In Defence of Liberty

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London Mayoral Election


Who will lead the city? (Edited: Wikimedia Commons)

The candidates for the London mayoral election have been finalised. The main two candidates to succeed Alexander ‘Boris’ Johnson, who is now the Conservative MP for Uxbridge and South Ruislip, are Sadiq Khan MP (Labour, Tooting) and Zac Goldsmith MP (Conservative, Richmond Park). These two candidates were selected by their parties in September 2015.

(Video: Adam Bienkov)

Established by a referendum [1], the first London Mayoral election was held in the year 2000. The role was initially held by Ken Livingstone, who ran as an Independent after being rejected from the Labour nomination. In 2004, Ken Livingstone was re-elected, this time as Labour’s candidate. In seeking a third term, Mr Livingstone lost to the Conservative politician Alexander ‘Boris’ Johnson. The two candidates faced each other again in 2012, with the Conservative once again triumphant [2]. Being the directly-elected mayor of the nation’s biggest city, the London Mayor has the largest personal mandate of any politician in the country.


There are a record 12 candidates standing for the London mayoralty. The candidates for the five largest parties in London are: Labour’s Sadiq Khan, the Conservative’s Zac Goldsmith, the Green’s Sian Berry, Caroline Pidgeon of the Liberal Democrats, and Peter Whittle of UKIP.


There are a record 12 candidates. (Source: PA)

Sophie Walker is the candidate for the nascent Women’s Equality Party. George Galloway will be standing as the Respect candidate.

Paul Golding, the leader of the nationalist party and “street defence” organisation Britain First, will be competing against the British National Party’s David Furness.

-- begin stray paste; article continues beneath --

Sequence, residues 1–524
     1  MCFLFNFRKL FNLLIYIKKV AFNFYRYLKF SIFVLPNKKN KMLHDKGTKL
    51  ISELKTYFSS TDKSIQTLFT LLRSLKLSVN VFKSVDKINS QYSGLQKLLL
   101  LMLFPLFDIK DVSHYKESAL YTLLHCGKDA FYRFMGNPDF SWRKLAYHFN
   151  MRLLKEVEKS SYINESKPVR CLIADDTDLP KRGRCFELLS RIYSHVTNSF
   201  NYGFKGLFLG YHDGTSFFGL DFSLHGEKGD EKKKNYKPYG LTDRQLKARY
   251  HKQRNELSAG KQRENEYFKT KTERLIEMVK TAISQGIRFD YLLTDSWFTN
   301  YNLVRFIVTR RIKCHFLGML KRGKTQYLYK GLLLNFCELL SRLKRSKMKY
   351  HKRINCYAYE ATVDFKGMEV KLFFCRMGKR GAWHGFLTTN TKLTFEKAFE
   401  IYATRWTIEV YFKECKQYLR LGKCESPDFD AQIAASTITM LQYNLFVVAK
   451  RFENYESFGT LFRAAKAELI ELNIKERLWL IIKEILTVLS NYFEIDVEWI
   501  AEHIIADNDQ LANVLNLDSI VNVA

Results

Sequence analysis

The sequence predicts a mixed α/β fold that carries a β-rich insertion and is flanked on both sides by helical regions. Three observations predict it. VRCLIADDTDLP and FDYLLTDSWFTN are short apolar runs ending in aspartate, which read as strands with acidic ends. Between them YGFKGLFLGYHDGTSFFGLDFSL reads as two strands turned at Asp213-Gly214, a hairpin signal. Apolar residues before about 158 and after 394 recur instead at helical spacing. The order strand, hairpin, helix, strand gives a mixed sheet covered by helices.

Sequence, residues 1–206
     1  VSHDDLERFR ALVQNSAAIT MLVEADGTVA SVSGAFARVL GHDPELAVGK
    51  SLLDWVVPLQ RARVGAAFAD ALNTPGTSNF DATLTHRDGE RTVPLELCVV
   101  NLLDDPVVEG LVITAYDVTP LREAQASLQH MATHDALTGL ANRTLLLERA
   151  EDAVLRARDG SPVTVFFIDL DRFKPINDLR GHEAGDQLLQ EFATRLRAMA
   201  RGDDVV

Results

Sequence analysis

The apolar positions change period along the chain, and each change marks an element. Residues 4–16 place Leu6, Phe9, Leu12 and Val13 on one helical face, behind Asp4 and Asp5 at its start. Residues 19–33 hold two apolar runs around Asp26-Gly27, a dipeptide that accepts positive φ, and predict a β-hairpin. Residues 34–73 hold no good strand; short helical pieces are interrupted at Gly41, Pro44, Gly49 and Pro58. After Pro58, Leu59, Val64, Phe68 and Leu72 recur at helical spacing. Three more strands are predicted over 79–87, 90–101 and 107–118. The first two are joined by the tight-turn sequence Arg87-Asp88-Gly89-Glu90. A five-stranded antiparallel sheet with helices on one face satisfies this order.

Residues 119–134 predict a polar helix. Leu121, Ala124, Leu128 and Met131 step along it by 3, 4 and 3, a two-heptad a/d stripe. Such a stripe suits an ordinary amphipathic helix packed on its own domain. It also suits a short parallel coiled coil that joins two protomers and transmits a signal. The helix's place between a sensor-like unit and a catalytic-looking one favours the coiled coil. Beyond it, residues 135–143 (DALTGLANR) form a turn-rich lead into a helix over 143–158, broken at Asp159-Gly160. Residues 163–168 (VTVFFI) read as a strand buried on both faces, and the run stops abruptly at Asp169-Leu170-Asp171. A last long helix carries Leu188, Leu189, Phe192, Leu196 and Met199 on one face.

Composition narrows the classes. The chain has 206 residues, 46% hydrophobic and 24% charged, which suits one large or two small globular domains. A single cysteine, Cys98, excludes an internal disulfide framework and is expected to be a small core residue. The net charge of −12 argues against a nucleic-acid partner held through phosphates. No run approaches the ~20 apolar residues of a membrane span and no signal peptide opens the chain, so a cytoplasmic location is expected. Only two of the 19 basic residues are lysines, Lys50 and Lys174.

Prince Zylinski is standing as an Independent, with Lee Harris wanting to be London Mayor for the Cannabis Is Safer Than Alcohol party [3]. Ankit Love — the ‘Love’ candidate — is standing against air pollution in the city, for London to develop its own space program and for London to declare itself a sovereign and independent republic if the UK votes to leave the European Union [4].


Polling suggests a firm lead for the Labour candidate and Tooting MP Sadiq Khan. Of London adults in the YouGov poll ending on March 20th, 32% said they would vote for Mr Khan, with 25% opting for Mr Goldsmith [5]. The next candidate, UKIP’s Peter Whittle, was on 5%. These figures include 6% who say they would not vote, and 23% say they do not know. Excluding these non-affirmative responses, Sadiq Khan is on 45%, against 36% for Zac Goldsmith — a nine-point lead. This exclusion from the polling result places the UKIP candidate on 7%.


Mr Khan has a nine-point lead if non-affirmative answers are removed. (Source: YouGov)

Both YouGov and ComRes have polled Londoners to ask what their priorities are. Housing is the top issue in both recent polls. In the YouGov poll ending on March 20th, 67% said housing should be one of the greatest priorities for the Mayor and the city government. 56% said that housing was one of the “most important challenges facing London today”, in the ComRes poll ending on March 22nd [6].

It is a challenge for all candidates to match the priorities of their constituents. The mayoral election will be held on 5th May 2016, on the same day as the London Assembly election.


[1] BBC, 1998. Overwhelming vote for mayor. Available from: [Accessed: 2nd April 2016]

[2] BBC, 2012. Vote 2012 London Mayor. Available from: [Accessed: 2nd April 2016]

[3] CISTA, 2016. Lee Harris. Available from: [Accessed: 2nd April 2016]

[4] Love, A., 2016. London 2016. Available from: [Accessed: 2nd April 2016]

[5] YouGov, 2016. London Mayor Results March 2016. Available from: [Accessed: 2nd April 2016]

[6] BBC, 2016. ComRes London Poll 1st April 2016. Available from: [Accessed: 2nd April 2016]


One comment on “London Mayoral Election

  1. Pingback: Khan Stays, Goldsmith Decays | In Defence of Liberty

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This entry was posted on April 9, 2016 by in Local Politics and tagged , , , .
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